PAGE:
However, as the organization gained strength and number, factionalism occurred. A certain faction, particularly from the elite, eventually dislodged the Supremo from his leadership. Even as they snatched from him his rightful claim to the leadership of a new revolutionary government, his worth as a person and a leader was also insulted. After he lost the presidency to Emilio Aguinaldo at the Tejeros Convention, he was elected secretary of interior. An asshole, however, questioned his capability to handle that post. How was the Supreme Leader of the Katipunan supposed to respond to such indignity? In the end, the Supremo was tried and sentenced to death for not recognizing the new elite-led revolutionary government.

On May 10, 1897, a general named Lazaro Makapagal and his men brought him to Mt. Nagpatong in the Maragondon provinces where he met his death. The Father of the Revolution died not in the hands of the enemy. Ironic, isn’t it? The Supremo was killed by soldiers of a government that was a result of his leadership.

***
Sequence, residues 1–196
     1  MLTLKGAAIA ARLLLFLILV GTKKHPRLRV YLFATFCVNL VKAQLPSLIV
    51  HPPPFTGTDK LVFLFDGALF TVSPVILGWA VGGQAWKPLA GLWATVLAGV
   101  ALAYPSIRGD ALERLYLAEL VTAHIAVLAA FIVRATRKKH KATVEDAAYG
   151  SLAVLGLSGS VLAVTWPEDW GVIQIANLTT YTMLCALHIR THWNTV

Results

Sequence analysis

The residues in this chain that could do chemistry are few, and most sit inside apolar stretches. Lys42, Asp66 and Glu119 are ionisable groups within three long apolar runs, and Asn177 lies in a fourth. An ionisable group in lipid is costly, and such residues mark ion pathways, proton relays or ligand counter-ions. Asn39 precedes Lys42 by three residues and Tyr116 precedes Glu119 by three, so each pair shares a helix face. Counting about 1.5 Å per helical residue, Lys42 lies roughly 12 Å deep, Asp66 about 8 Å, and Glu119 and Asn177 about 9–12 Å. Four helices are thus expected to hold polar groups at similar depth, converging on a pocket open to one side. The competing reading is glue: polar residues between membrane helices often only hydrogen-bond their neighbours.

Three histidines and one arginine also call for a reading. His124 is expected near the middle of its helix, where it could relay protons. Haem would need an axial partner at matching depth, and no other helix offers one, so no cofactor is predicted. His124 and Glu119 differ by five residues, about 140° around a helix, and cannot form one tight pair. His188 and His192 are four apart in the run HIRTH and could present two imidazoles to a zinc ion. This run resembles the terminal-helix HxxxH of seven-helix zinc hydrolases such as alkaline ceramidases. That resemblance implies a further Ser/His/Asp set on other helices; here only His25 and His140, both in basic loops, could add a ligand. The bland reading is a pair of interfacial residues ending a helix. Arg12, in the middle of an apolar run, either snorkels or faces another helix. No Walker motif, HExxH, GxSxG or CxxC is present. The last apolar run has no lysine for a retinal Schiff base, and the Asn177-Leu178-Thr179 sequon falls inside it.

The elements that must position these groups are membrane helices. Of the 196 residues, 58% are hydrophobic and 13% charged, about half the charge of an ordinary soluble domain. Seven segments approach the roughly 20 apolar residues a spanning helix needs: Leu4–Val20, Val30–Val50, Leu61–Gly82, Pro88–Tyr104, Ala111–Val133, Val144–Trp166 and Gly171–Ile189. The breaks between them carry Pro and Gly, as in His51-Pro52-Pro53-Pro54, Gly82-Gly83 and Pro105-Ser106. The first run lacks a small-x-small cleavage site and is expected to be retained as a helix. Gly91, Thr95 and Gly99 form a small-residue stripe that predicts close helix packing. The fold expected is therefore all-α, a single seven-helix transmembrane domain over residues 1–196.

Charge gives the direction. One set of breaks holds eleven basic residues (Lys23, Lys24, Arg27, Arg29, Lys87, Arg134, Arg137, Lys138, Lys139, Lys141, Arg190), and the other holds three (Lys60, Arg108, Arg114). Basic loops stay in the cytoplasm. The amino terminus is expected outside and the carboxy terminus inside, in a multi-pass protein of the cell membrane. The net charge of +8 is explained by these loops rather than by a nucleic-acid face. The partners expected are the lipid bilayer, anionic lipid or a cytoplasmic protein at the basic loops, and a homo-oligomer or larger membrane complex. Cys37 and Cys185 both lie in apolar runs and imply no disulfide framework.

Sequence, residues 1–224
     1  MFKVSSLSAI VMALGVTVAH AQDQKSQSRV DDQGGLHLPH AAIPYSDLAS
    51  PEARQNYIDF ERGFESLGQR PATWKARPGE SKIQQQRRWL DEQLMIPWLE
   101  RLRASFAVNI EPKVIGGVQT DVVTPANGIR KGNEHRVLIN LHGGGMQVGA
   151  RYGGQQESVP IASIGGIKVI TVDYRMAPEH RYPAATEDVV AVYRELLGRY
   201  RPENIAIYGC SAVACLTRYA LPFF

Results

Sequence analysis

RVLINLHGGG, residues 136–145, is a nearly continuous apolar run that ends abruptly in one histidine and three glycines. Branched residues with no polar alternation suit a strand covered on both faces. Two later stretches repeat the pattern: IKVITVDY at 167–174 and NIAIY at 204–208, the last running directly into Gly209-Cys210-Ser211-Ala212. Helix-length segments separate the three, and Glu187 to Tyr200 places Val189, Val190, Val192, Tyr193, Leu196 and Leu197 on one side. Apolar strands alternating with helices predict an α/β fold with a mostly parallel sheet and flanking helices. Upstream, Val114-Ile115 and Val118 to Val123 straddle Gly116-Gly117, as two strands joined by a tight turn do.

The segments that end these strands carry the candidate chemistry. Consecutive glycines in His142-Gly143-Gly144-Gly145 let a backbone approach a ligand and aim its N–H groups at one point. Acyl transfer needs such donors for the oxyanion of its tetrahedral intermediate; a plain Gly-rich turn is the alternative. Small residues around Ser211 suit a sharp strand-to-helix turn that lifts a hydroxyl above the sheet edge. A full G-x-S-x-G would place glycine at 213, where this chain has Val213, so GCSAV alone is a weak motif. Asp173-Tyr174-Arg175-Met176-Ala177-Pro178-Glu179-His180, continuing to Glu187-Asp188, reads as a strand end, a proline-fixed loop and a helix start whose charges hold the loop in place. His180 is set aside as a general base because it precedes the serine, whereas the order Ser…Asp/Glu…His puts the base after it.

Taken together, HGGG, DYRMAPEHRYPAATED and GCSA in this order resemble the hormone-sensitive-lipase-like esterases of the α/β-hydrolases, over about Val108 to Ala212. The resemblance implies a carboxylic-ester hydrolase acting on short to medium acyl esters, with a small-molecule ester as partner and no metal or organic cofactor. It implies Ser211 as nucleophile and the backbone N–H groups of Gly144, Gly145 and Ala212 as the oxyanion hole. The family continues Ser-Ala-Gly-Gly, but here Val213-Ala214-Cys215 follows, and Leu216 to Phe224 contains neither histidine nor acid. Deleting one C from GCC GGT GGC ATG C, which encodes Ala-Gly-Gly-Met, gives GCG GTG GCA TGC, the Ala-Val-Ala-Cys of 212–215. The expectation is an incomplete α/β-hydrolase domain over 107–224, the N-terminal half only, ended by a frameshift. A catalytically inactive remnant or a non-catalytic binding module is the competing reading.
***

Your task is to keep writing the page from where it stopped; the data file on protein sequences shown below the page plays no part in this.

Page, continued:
His death signaled the seemingly unending cycle of betrayal of the Filipino masses.

Harry Potter is evil?!

Photo from Film.comFunny how many netizens can be very gullible that they easily believe and take as truth even satirical jokes on the Internet. In one of the forums that I regularly visit, I was alarmed after reading a post quoting an e-mail supposedly from an American Christian organization that warns parents of Harry Potter’s effect to children. Part of the e-mail reads:

And here is dear Ashley, a 9 year old, the typical average age reader of Harry Potter: “I used to believe in what they taught us at Sunday School,” said Ashley, conjuring up an ancient spell to summon Cerebus, the three-headed hound of hell. “But the Harry Potter books showed me that magic is real, something I can learn and use right now, and that the Bible is nothing but Boring lies.”

The e-mail also quoted J.K. Rowling as saying Jesus is “weak and idiotic”: